Bernhard Eversberg wrote:
That would mean back to the drawing board, and is unrealistic.
One has to ask, however, what the future role of ISBD can or should be.
The difficulty of harmonizing ISBD with RDA and MARC results from the
fact that ISBD has no clearly defined element set. Every area has
a "Contents" section listing the elements of which it consists,
but these elements can consist of smaller parts or repeting sub-elements
which are introduced only in the text and examples. In the glossary,
one may even find elements ("Avant-titre") not referred to in the text.
Well, in one sense there is a rather clearly defined data set. It's just that it's defined a bit differently.
I shall make up the following coding:
Voina i mir
<code type=" = ">
War and peace
<code type=" : ">
a dual language edition
<code type=" / ">
by Leo Tolstoy
<code type=" ; ">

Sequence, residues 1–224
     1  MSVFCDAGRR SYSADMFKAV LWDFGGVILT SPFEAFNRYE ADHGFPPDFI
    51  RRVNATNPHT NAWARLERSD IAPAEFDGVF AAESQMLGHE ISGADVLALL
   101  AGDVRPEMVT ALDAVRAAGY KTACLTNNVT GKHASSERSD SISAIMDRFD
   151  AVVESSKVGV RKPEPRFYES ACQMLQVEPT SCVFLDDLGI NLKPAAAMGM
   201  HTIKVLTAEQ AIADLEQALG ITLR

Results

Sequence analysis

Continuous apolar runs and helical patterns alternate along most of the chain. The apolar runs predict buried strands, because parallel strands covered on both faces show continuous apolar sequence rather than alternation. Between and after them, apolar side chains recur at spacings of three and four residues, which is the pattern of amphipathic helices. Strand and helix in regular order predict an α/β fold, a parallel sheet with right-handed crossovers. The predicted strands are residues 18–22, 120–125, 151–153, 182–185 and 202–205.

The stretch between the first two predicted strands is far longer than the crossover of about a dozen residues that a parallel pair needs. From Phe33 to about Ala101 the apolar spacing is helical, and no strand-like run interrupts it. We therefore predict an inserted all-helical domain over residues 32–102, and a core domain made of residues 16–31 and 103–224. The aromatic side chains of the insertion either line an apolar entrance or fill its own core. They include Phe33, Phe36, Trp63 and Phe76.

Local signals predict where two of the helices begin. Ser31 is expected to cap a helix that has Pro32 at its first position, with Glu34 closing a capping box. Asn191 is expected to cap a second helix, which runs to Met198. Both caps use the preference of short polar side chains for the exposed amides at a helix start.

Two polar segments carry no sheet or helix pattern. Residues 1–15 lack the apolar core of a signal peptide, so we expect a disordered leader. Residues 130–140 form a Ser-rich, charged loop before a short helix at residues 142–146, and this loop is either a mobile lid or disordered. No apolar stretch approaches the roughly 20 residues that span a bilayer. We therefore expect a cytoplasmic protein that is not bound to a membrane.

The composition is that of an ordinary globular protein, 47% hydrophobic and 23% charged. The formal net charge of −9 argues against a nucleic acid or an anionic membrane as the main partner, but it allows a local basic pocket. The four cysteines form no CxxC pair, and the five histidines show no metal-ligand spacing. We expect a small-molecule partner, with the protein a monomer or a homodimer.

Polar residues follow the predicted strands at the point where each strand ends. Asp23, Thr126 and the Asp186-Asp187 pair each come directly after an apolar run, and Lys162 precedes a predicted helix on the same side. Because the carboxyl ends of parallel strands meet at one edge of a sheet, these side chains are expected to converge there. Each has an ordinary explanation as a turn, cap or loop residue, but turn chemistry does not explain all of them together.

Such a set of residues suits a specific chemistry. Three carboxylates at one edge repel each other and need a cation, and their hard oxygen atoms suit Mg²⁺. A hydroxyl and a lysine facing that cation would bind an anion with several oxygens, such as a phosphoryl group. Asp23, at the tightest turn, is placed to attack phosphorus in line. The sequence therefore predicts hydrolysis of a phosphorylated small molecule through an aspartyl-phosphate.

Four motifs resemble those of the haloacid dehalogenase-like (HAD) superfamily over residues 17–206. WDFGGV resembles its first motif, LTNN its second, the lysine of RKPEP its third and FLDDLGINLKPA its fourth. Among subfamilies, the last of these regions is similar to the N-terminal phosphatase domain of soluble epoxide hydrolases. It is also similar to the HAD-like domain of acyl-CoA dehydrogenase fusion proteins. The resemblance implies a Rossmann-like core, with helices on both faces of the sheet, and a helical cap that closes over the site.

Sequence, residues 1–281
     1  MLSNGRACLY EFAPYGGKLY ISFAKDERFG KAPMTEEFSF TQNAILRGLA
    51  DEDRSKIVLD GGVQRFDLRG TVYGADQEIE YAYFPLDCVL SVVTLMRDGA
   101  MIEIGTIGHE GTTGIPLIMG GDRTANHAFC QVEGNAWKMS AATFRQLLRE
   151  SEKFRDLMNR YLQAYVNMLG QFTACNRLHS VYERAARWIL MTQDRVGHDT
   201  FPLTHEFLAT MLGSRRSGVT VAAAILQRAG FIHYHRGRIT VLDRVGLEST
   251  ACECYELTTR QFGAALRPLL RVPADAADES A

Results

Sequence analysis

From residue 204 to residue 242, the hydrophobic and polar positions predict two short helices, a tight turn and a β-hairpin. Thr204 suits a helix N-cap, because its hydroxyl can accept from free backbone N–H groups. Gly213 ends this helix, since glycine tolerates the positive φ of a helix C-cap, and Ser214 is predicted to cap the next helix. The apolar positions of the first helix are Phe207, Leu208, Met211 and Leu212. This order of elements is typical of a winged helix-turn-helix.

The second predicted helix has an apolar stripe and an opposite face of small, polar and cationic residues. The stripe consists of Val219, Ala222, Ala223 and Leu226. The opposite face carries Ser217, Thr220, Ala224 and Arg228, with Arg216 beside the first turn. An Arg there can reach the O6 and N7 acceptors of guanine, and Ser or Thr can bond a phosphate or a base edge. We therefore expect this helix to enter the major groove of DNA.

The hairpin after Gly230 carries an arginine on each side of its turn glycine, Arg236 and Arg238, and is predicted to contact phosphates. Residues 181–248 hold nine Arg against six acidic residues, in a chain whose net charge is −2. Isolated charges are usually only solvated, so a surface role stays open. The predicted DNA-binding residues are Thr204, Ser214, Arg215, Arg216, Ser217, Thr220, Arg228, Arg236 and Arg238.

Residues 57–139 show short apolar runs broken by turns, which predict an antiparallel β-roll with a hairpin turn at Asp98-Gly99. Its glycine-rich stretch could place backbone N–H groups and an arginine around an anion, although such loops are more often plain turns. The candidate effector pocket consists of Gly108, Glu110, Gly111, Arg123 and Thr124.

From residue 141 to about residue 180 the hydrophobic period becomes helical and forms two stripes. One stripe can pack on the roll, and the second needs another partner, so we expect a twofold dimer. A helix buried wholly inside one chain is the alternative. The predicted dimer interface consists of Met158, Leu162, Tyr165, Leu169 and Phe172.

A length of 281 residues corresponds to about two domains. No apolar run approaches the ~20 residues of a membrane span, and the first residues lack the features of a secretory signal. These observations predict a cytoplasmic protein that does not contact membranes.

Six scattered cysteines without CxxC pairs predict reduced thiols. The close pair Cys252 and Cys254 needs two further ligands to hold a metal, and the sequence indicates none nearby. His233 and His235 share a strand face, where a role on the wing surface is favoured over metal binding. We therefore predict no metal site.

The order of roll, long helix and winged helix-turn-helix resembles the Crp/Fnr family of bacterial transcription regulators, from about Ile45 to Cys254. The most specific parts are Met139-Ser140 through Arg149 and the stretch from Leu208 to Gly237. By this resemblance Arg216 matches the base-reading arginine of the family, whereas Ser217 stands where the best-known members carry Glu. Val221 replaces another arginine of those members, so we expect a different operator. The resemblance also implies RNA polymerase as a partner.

translated by Joe Smith
<code type="  ">
Any ISBD cataloger in the world immediately understands this. That is quite a feat, and should be built on. I think it is what ISBD really wants to do and shows clearly the huge advantage of not using words, but codes that are understood by everyone.
My own opinion is that ISBD, instead of focusing on punctuation, should be establishing standards for guaranteeing record transfer using XML, a type of "exchange format" where someone can transfer an ISBD record (or the part of the record following ISBD) from any library catalog into any other library catalog (and potentially any other service that wants to use it). In the past, it was achieved with punctuation and placement on the card; in today's environment, there are different methods (not necessarily "better" methods but different).
This format *could* still use the punctuation, as I have shown, but this is rather bizarre and would probably need to change somehow. Naturally, it does not need to render on the screen for everyone this way, since each database manager could display " = " however he or she wanted.